Objective: To determine the life expectancy of patients with Parkinson disease (PD) in the United States and identify demographic, geographic, and clinical factors that influence survival.
Design: Retrospective cohort study of 138 000 Medicare beneficiaries with incident PD who were identified in 2002 and followed up through 2008.
Main outcome measures: Confounder-adjusted 6-year risk of death as influenced by 3 groups of factors: (1) race, sex, and age at diagnosis; (2) geography and environmental factors; and (3) clinical conditions. We examined hospitalization diagnoses in patients with terminal PD and compared PD mortality with that of other common diseases.
Results: Thirty-five percent of patients with PD lived more than 6 years. Sex and race significantly predicted survival; patients who were female (HR [hazard ratio], 0.74; 95% CI, 0.73-0.75), Hispanic (HR, 0.72; 95% CI, 0.65-0.80), or Asian (HR, 0.86; 95% CI, 0.82-0.91) had a lower adjusted risk of death than white men. Dementia, diagnosed in 69.6% of cases and most often in African American patients (78.2%) and women (71.5%), was associated with a greater likelihood of death (HR, 1.72; 95% CI, 1.69-1.75). Parkinson disease mortality was greater than that of many common life-threatening diseases. Patients with terminal PD were hospitalized frequently for cardiovascular disease (18.5%) and infection (20.9%) but rarely for PD (1.0%). Regional survival rates were similar but patients with PD living in urban high industrial metal emission areas had a slightly higher adjusted risk of death (HR, 1.19; 95% CI, 1.10-1.29).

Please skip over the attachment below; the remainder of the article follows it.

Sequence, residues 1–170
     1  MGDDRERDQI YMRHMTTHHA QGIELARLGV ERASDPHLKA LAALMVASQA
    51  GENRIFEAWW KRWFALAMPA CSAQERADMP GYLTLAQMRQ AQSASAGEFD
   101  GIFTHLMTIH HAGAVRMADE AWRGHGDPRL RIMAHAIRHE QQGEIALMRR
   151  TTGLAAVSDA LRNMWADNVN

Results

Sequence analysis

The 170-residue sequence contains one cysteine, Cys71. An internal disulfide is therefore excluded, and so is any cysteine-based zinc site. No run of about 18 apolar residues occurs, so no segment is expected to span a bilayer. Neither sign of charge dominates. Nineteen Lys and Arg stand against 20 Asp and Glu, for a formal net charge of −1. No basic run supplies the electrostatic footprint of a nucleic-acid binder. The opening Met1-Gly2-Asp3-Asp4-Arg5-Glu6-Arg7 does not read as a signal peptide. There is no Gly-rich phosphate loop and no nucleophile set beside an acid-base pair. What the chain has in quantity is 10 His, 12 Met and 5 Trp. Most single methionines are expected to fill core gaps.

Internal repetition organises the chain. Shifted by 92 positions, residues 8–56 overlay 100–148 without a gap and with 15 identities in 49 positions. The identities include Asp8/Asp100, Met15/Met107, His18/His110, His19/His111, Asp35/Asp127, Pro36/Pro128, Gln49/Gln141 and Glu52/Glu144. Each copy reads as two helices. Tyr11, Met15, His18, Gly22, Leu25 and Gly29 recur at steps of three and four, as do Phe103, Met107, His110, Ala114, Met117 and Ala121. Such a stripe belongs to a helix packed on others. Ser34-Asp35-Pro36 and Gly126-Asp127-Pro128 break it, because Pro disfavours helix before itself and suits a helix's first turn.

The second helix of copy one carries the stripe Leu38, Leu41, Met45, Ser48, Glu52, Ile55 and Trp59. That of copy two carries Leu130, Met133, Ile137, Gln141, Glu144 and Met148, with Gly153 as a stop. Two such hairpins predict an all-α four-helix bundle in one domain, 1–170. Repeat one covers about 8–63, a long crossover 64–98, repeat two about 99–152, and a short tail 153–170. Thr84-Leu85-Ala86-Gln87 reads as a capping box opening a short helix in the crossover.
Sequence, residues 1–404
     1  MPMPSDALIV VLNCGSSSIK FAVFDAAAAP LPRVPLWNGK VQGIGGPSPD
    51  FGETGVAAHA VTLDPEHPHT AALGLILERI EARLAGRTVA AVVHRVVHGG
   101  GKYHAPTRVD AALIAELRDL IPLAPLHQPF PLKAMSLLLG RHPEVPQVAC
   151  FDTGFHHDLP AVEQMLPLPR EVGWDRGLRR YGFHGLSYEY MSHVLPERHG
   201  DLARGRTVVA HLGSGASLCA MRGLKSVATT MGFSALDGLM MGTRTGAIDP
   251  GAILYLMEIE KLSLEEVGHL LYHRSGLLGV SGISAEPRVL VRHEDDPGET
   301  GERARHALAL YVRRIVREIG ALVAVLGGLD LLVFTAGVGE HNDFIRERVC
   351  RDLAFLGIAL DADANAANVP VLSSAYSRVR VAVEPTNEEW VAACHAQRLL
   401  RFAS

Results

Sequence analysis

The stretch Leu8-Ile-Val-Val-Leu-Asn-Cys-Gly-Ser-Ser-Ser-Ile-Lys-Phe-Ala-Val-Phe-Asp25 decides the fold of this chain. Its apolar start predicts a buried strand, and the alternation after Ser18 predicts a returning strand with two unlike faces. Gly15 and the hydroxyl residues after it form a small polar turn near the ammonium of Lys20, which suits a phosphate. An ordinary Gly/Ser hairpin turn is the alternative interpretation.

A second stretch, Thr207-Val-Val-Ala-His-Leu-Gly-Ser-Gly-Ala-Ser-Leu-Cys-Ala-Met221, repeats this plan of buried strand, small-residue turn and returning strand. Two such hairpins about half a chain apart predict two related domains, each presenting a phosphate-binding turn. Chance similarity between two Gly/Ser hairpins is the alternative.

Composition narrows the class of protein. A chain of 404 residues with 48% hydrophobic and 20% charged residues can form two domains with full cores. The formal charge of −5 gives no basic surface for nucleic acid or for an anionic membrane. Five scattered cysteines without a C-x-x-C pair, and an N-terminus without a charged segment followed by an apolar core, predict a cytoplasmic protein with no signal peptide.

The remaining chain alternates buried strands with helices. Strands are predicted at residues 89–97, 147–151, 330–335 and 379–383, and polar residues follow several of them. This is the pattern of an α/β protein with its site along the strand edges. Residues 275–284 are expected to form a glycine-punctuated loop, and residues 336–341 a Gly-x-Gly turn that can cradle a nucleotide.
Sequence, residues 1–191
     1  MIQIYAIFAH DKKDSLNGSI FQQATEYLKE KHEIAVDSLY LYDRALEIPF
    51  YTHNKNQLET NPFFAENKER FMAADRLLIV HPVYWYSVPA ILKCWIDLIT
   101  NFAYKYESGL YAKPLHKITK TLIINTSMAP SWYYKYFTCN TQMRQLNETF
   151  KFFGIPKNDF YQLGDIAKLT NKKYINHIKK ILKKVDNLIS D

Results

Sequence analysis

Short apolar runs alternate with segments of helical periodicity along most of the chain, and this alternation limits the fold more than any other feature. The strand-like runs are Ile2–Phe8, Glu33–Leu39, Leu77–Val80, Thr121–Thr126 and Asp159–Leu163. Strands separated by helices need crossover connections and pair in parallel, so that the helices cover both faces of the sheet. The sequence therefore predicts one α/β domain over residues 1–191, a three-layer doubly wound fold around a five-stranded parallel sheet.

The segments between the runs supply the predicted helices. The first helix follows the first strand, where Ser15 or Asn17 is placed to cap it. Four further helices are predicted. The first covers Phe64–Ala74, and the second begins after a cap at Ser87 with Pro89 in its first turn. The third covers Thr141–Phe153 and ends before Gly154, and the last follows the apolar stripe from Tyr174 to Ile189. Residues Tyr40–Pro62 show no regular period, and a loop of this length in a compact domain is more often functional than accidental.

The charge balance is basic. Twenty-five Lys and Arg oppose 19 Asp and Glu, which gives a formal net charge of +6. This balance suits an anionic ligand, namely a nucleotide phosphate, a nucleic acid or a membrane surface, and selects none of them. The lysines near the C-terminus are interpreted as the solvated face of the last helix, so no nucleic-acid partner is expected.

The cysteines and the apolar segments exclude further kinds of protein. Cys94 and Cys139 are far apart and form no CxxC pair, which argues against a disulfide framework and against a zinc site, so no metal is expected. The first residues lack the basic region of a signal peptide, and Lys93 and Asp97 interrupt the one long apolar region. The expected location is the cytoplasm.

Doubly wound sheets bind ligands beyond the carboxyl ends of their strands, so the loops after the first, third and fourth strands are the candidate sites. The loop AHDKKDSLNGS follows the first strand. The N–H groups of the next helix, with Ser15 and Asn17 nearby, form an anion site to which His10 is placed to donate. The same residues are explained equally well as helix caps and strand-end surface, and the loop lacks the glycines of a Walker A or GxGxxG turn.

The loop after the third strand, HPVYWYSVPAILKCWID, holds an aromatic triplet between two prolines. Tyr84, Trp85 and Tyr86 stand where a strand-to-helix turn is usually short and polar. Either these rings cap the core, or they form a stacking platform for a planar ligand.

Conclusions: Demographic and clinical factors impact PD survival. Dementia is highly prevalent in patients with PD and is associated with a significant increase in mortality. More research is needed to understand whether environmental exposures influence PD course or survival.